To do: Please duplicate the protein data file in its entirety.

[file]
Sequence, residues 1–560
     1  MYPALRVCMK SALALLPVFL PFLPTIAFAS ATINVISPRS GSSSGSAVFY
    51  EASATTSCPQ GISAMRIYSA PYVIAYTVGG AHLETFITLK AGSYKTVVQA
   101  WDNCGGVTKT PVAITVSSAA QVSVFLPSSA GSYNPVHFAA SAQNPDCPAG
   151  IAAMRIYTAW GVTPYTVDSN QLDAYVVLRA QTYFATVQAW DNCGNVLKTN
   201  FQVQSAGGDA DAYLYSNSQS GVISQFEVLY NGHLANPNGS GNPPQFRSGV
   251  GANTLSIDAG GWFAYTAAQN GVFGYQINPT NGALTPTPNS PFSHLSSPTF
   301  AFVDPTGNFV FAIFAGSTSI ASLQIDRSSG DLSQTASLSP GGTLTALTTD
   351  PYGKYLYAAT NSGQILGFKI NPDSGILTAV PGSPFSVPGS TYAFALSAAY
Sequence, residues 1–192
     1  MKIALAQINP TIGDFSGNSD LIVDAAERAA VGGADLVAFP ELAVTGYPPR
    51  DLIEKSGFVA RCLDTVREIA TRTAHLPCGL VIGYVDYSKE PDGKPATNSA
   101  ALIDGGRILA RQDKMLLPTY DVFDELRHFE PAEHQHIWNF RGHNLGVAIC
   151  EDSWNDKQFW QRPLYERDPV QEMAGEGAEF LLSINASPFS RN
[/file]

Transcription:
Sequence, residues 1–560
     1  MYPALRVCMK SALALLPVFL PFLPTIAFAS ATINVISPRS GSSSGSAVFY
    51  EASATTSCPQ GISAMRIYSA PYVIAYTVGG AHLETFITLK AGSYKTVVQA
   101  WDNCGGVTKT PVAITVSSAA QVSVFLPSSA GSYNPVHFAA SAQNPDCPAG
   151  IAAMRIYTAW GVTPYTVDSN QLDAYVVLRA QTYFATVQAW DNCGNVLKTN
   201  FQVQSAGGDA DAYLYSNSQS GVISQFEVLY NGHLANPNGS GNPPQFRSGV
   251  GANTLSIDAG GWFAYTAAQN GVFGYQINPT NGALTPTPNS PFSHLSSPTF
   301  AFVDPTGNFV FAIFAGSTSI ASLQIDRSSG DLSQTASLSP GGTLTALTTD
   351  PYGKYLYAAT NSGQILGFKI NPDSGILTAV PGSPFSVPGS TYAFALSAAY
Sequence, residues 1–192
     1  MKIALAQINP TIGDFSGNSD LIVDAAERAA VGGADLVAFP ELAVTGYPPR
    51  DLIEKSGFVA RCLDTVREIA TRTAHLPCGL VIGYVDYSKE PDGKPATNSA
   101  ALIDGGRILA RQDKMLLPTY DVFDELRHFE PAEHQHIWNF RGHNLGVAIC
   151  EDSWNDKQFW QRPLYERDPV QEMAGEGAEF LLSINASPFS RN